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Benefits of Water Metering and Water Monitoring

Water monitoring can quickly become a building owner’s best friend. The high cost of water bills can often overshadow the cost of fuel and electricity bills, but ownership and management often believe that the price of their water bill is simply something to deal with. Many building owners pay the water bill for the entire building directly to their local utility without being aware of what’s going on inside their building or what they’re actually paying for. After all, without water monitoring, how would they know?

Water monitoring can impact an owner’s bottom line due to the high costs of leaks, which are more pervasive than you’d think.

Types of Leaks

Image of toilet with components labeled

Source: http://michaelhannan.co/wp-content/uploads/2018/08/diagram-of-digestive-system-in-hindi-toilet-bowl-parts-tank-repair.jpg

While any water fixture can contribute to leaks and high water bills, toilets are typically the worst offenders. In toilets, rubber flappers can wear out, a flapper connected to the flush handle can have an incorrectly sized chain interfering with the seal, float mechanisms on the flush valve can be set too high causing the water level to go just above the overflow tube, or there can be tenant tampering.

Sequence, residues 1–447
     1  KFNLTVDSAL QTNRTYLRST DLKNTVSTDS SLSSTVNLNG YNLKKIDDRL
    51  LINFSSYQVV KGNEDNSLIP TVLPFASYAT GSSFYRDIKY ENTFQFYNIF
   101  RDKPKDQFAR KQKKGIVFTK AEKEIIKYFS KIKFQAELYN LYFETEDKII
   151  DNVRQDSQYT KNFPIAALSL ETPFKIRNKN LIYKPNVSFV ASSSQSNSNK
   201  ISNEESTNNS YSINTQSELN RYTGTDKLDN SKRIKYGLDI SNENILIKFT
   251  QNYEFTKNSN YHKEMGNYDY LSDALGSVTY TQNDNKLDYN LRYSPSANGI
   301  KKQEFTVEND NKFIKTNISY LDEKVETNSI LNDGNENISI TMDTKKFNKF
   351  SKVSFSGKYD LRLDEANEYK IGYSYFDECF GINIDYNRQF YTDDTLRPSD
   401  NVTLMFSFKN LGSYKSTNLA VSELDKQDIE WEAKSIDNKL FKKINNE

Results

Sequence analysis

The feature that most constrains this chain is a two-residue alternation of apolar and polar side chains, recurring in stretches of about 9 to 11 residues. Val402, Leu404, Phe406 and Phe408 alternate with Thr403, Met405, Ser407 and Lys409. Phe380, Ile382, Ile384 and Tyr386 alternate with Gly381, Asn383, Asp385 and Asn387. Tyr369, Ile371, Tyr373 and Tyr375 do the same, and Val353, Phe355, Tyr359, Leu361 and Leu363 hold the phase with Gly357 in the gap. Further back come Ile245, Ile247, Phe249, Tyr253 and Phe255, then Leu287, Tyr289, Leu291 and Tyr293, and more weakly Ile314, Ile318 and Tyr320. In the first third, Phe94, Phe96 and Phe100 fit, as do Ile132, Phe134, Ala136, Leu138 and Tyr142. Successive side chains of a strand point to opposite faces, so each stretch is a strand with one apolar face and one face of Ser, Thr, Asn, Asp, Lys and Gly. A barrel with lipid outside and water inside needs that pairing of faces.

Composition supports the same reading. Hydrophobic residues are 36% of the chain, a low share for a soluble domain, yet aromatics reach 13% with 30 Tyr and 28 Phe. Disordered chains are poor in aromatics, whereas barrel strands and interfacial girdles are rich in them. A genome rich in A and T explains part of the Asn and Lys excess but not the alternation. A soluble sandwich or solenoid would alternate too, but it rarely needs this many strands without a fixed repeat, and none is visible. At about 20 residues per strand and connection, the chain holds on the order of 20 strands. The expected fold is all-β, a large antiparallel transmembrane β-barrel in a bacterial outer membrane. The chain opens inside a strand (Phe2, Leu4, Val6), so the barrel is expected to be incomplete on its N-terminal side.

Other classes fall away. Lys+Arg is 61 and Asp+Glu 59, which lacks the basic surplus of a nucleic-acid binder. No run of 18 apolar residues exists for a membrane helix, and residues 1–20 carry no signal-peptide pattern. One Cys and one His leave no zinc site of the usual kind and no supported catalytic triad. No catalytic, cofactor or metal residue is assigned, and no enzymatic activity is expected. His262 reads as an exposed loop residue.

Showers and sinks can also start leaking at any time. While typically at much lower capacities, these leaks can actually be easier to detect. By monitoring the water consumption in a building and observing hourly usage overnight, you can identify patterns that can quickly indicate a leak, eliminating the need to visually inspect all water fixtures in a building to determine the cause.

Cost of Leaks

The idea that a single leak can last for an entire year may seem unreasonable, though the sad truth is many leaks can go undetected and/or unreported. To put water leaks into perspective, the chart below from the NYC DEP details the potential extent of leaks and their costs on a daily and yearly basis:

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The Top 10 Party Walls Posts of 2018!

2018 has been a year to remember for SWA’s Party Walls blog. Our consultants have shared their passion for high performance buildings by recounting stories from the field and providing information, new findings, and best practices to improve the built environment.

Whether discussing topics based in New York City or Southeast Asia, here are our fan favorites from 2018…

Collage of blog images

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What is the Carbon Footprint of Your Holiday Shopping?

Have you ever wondered about the carbon footprint of your shopping habits? Is online shopping better for the environment than brick and mortar shopping? There are many studies on the subject and there are myriad factors to consider when answering these questions. To try and make this process a little easier, we have pulled together existing research and have developed a guide to reducing your carbon footprint this holiday season.

Image of Santa gifting coal